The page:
“We’ve been together almost four years,” Don Kuroda said Friday, moments after he and his bride, Kim, were married.
“Five,” Kim interjected.
“Yes, five,” Don corrected.
The newly-minted couple wedded alongside dozens of others on Valentine’s Day during the city’s 13th annual celebration of love. During the event, the city sets up some nice backdrops and corrals volunteer judges to offer bite-sized ceremonies to couples like the Kurodas for free.
Don said he and Kim were trying to decide if they should go for a big, all-out affair or keep it private. They opted for the latter.
“This was perfect,” he said. “It’s just us today.”
“It was easy,” she said. “You don’t have to put it all together.”
Couples can come to the Clerk’s office and get married any day of the year, of course. Usually, official nuptials are just a $30 payment to the state and a couple of signed documents. But Valentine’s Day is the only day Denver offers everything else. A lot of couples who got hitched said the ceremony, no matter how small, felt special. The date was auspicious, too.
“The judge made it real,” Don said.
“It’s an easy day to remember,” Kim added.
When asked how many weddings he expected for the day, Alton Dillard, a spokesman for Denver Clerk and Recorder Paul Lopez, replied: “How many angels can you put on the head of a pin?”
Really though, he estimated they’d wed close to 100 couples by the time Friday came to an end. About 60 signed up ahead of time for a wedding.
“We’re also taking walk-ins,” he added.
It was Lopez’s first year presiding over the occasion, and he performed his first ceremony of the day for Tyree and Yvonne Wilson. He was ordained to perform the sacred rites under the authority of the Church of the Latter-Day Dude.
Lopez said Friday was a fun moment in an otherwise very busy year. Denver’s Elections Division, for which he is also responsible, just mailed ballots for the upcoming presidential primary and will have to do it again in November.
“2020 is a big year. It’s a critical year,” he said. “This is the lighter side of it.”
So who got married in this mass-production wedding machine?
Among the couples were Megan Temple and Eric Kelley, who live near Boston and have been together for four years. They got married last week in Las Vegas, but “in the hubbub, guess who forgot the marriage license?” Temple said.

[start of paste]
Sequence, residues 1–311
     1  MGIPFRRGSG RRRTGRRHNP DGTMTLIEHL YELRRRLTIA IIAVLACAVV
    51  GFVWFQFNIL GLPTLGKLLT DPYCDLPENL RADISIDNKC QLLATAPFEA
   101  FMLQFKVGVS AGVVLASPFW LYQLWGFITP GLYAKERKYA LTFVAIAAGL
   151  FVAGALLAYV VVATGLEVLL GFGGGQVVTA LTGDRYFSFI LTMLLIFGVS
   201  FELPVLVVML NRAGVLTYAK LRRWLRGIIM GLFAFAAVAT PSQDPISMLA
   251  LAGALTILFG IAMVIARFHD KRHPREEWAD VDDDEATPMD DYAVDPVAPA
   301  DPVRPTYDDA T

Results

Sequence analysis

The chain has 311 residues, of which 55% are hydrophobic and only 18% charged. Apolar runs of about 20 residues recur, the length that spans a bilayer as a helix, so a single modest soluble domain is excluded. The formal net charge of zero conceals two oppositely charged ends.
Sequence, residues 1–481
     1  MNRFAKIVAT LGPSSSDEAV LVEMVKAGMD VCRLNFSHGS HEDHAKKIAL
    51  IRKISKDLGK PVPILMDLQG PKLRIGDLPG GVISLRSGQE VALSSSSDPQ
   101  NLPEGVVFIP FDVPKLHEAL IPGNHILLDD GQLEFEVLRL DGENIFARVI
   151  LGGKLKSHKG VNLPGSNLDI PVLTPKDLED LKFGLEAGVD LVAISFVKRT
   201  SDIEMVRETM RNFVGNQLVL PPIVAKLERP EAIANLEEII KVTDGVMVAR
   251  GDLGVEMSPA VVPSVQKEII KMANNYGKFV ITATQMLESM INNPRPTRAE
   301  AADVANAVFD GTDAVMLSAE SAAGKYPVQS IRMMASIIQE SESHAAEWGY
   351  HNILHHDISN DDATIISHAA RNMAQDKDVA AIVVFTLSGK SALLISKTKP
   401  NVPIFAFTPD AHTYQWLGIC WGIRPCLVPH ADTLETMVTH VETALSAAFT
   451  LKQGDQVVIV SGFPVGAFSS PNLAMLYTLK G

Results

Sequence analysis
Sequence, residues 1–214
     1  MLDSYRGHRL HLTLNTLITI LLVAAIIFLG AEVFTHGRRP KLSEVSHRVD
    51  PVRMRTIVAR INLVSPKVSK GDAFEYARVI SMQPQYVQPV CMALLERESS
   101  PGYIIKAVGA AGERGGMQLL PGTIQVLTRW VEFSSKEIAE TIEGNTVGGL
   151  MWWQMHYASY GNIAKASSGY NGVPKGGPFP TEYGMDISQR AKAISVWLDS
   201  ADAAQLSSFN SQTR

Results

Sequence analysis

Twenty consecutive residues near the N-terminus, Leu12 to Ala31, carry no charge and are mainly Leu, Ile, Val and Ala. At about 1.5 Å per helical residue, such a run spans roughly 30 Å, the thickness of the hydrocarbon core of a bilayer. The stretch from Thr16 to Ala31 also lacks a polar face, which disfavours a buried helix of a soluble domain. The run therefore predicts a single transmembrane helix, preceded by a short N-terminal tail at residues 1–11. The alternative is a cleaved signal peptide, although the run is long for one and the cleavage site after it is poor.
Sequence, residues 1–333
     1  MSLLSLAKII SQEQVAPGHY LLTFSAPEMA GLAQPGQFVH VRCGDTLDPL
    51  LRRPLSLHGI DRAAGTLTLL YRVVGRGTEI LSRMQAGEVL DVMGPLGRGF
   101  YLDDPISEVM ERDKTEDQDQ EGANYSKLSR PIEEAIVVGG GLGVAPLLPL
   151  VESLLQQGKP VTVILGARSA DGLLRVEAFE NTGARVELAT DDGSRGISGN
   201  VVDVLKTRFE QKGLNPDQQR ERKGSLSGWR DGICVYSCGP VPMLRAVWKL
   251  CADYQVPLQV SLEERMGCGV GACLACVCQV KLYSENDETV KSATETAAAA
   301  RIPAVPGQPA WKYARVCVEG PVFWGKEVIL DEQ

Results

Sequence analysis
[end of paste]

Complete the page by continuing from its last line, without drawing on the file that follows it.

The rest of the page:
So they decided not to tell anyone and get on with it as if everything was OK. They went on their planned honeymoon in Vail, and that’s when Kelley saw coverage of Denver’s wedding event on TV.
“Get up. We’re going to go to Denver and get married,” he told his fiancee.
Temple said she didn’t bother fixing her hair; she had a hat that read “bride” that would suffice.
Temple was in tears as Judge Herb Galchinsky – AKA the “love judge” – did his thing. She said she cried during the ceremony in Vegas, but this one felt more real.
James and Kent McKee have been together for six months and have known they’d get married for five.
“It was very special,” Kent said.
“It’s more than just a piece of paper. The ceremony is a reflection on your life,” James added.
Maria and Luis Molina brought their whole family.
“We wanted something simple. Why not do everything at once?” she said.
“In a way, yes, we wanted something simple,” he added.
“But cute,” she said.
Tyree and Yvonne Wilson, for whom Lopez officiated, also brought their entire family. A horde of their kids and grandkids pointed smartphones as the couple kissed, consecrating their 25-year relationship.
“We’ve been through thick and thin,” Tyree said. “But we’ve never had time for us.”
They made sure everybody could come and watch them sign the papers at the Webb Building and finally make it official. But they didn’t expect there’d be so much fanfare waiting for them, or a city clerk ordained by the Church of the Latter-Day Dude who would make it an extra-special Valentine’s Day.